The ALF was released in 2004 and was designed to support the development of advanced levels of practice. This is also an evidence-based practitioner support framework developed as a partnership with specialist groups across GB and inclusive of non-clinical specialties. The original work was tested and validated with over 400 advanced and experienced practitioners, and was subsequently used as the basis for Department of Health recommendations for the development of the new NHS consultant pharmacist post guidelines, and was renamed as the more widely known ACLF (see DoH “Guidance for the development of NHS consultant pharmacist posts”). The CoDEG evidence bibliography is at the end of this article and tracks the work over the past 10 years.

In 2008, Gill Hawksworth, a former RPS president, hosted a session at the UKCPA symposium to explore the benefits of the GLF for community practice, alongside evidence that had been recently published showing that the frameworks functioned across sectors and could (and did) indeed support practitioner development wherever a pharmacist worked. Following that meeting, the frameworks were adopted and used in many community-based settings but were never endorsed by an overarching pharmacy body.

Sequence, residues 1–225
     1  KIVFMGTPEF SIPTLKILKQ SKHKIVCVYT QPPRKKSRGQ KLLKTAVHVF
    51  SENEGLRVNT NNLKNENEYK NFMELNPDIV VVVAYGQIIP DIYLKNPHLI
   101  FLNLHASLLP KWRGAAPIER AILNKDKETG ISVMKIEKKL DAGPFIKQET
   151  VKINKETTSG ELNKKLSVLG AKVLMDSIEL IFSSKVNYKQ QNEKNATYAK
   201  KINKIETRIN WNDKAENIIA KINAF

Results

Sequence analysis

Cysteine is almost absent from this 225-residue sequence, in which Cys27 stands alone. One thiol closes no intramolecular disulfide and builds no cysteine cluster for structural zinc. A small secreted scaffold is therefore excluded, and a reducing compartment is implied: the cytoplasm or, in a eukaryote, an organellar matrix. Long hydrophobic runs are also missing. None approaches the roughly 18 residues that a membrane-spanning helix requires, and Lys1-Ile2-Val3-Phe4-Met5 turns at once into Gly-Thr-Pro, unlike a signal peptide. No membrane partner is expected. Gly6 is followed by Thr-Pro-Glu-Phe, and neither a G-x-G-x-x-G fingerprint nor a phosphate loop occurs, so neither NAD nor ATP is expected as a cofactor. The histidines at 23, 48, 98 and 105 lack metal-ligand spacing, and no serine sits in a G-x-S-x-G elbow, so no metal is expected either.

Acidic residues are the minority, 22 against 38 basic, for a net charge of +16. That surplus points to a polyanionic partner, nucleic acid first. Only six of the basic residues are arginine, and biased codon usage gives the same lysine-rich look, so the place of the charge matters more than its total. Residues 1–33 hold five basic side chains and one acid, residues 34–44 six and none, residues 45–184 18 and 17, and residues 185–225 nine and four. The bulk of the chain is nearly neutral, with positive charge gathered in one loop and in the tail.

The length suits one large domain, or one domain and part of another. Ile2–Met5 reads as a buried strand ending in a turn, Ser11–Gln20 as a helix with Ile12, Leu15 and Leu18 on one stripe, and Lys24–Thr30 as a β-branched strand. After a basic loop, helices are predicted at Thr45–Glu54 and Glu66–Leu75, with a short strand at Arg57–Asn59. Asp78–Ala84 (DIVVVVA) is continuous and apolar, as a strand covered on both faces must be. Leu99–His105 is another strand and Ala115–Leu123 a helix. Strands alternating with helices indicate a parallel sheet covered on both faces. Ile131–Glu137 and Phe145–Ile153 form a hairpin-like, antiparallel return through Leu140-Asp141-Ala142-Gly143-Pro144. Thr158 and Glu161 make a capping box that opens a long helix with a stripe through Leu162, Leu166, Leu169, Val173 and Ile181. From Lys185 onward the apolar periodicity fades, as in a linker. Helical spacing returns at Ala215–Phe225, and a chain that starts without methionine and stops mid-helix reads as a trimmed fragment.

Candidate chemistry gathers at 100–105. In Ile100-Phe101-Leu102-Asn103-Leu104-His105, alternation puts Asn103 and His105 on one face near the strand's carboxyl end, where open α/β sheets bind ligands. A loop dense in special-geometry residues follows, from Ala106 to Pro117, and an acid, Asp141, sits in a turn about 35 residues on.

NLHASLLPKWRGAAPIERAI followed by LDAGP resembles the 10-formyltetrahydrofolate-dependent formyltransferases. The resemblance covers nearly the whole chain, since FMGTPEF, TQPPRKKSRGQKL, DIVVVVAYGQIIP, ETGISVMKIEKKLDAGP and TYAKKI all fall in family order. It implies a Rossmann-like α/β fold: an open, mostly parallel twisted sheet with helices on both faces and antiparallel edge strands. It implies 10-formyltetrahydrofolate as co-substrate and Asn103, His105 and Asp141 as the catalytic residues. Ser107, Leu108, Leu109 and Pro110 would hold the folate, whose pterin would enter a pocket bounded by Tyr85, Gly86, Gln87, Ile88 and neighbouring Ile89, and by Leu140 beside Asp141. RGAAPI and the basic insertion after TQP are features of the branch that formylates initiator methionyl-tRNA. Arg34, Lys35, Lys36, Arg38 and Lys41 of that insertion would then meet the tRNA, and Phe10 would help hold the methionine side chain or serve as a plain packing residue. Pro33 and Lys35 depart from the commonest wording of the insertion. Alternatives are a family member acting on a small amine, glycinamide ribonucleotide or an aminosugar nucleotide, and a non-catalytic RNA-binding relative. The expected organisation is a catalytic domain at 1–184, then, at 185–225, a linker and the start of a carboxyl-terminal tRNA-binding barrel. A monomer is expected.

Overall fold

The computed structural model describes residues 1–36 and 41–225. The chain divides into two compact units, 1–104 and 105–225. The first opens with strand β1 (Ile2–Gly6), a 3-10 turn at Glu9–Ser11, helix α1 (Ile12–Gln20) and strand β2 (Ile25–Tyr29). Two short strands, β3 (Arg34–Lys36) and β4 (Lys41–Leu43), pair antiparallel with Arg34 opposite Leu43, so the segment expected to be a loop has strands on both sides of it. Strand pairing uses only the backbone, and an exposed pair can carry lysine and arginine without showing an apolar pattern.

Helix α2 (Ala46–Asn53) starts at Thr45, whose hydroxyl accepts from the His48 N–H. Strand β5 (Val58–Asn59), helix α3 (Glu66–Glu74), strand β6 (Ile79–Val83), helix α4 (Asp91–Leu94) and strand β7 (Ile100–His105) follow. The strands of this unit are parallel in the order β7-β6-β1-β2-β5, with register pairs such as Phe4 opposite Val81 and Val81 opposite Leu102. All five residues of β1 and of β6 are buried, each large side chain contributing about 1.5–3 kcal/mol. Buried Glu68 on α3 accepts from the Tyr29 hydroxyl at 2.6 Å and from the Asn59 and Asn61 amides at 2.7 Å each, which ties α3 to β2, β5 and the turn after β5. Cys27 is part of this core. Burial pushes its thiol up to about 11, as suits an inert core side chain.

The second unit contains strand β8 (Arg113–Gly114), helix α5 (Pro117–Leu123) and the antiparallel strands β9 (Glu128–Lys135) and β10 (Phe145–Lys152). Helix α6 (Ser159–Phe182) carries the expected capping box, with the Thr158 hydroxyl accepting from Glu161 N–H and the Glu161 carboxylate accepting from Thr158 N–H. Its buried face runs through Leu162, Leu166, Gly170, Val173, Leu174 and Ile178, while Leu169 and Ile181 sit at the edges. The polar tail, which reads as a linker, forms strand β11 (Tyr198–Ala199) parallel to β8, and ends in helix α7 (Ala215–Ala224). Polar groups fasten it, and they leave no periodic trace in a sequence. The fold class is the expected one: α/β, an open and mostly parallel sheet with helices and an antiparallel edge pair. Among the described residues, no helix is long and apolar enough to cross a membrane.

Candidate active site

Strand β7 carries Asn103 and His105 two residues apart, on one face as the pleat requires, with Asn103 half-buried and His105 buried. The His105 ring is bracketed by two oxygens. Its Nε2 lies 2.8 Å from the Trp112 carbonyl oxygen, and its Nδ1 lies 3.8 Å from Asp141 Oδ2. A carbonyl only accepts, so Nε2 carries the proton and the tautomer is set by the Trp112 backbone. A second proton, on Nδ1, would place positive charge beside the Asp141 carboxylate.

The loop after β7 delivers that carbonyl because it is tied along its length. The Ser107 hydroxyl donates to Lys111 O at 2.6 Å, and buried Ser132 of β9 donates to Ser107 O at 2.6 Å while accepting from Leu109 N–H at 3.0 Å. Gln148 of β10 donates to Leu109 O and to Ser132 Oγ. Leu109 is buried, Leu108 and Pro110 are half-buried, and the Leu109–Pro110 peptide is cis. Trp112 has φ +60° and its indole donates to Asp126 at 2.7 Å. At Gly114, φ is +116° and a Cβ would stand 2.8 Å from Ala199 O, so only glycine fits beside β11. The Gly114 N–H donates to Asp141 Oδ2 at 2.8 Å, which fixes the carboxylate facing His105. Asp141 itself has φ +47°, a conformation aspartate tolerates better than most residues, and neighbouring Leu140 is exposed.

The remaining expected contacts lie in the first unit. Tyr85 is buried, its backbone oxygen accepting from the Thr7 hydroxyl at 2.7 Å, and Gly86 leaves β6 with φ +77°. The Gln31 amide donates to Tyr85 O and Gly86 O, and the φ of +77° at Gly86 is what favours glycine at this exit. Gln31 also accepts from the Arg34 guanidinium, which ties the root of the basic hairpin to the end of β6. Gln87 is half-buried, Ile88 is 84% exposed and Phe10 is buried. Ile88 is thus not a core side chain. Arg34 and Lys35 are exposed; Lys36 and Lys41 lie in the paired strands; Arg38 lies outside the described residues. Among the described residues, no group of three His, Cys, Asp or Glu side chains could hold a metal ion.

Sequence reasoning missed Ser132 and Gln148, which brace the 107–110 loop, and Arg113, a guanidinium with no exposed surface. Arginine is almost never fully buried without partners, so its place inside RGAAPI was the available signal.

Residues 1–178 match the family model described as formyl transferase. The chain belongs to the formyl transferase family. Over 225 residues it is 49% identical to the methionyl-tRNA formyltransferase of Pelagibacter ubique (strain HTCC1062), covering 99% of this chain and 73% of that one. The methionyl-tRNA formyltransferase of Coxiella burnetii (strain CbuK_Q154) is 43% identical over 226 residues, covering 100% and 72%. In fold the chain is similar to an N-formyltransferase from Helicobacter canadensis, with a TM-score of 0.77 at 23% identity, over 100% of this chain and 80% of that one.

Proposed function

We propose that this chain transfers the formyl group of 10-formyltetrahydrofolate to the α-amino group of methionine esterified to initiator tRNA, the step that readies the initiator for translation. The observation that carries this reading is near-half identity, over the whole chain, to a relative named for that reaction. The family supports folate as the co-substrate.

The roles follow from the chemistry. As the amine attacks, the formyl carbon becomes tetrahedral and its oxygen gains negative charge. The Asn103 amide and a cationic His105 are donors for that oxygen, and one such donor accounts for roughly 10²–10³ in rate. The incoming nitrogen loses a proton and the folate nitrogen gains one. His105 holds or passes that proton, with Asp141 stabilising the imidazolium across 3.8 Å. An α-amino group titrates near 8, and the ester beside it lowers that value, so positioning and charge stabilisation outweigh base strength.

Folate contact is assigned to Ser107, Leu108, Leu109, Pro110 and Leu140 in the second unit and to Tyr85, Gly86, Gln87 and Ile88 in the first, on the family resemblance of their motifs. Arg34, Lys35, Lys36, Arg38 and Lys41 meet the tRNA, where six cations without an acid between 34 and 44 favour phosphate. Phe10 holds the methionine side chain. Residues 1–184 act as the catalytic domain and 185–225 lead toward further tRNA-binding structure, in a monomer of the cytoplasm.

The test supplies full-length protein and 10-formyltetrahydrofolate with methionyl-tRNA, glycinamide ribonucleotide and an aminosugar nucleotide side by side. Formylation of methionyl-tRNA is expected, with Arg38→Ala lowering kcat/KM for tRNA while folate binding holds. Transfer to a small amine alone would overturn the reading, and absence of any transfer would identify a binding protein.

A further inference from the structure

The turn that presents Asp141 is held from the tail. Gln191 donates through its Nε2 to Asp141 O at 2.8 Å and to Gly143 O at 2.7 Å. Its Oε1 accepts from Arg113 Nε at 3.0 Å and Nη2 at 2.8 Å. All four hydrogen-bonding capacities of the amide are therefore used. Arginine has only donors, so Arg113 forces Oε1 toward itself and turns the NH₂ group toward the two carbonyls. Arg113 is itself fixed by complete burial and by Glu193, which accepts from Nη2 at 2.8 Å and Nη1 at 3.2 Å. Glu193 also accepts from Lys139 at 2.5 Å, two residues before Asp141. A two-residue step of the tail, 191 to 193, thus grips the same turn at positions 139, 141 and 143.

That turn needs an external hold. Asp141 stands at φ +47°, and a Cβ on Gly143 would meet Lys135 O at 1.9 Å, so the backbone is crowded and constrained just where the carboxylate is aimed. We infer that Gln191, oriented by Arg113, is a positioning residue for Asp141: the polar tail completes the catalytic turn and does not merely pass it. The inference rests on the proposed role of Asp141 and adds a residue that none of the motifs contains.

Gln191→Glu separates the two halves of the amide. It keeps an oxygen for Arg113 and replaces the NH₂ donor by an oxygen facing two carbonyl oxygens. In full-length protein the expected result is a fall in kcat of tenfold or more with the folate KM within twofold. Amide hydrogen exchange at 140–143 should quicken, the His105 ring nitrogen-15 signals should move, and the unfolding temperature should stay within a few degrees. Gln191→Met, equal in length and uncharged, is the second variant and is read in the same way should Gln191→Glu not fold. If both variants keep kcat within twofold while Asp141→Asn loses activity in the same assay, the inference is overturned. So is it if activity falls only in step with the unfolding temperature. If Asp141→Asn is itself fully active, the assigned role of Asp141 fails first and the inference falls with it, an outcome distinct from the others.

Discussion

The CoDEG also worked on a Framework for Pharmacy Technicians, a professional development framework for technicians in medicines management and this has been endorsed by APTUK.

Further validation

There are varying misconceptions that have emerged around the use and validity of the frameworks: for example, that they are only valid in hospital, whereas they were clearly shown to work across various parts of our community practice.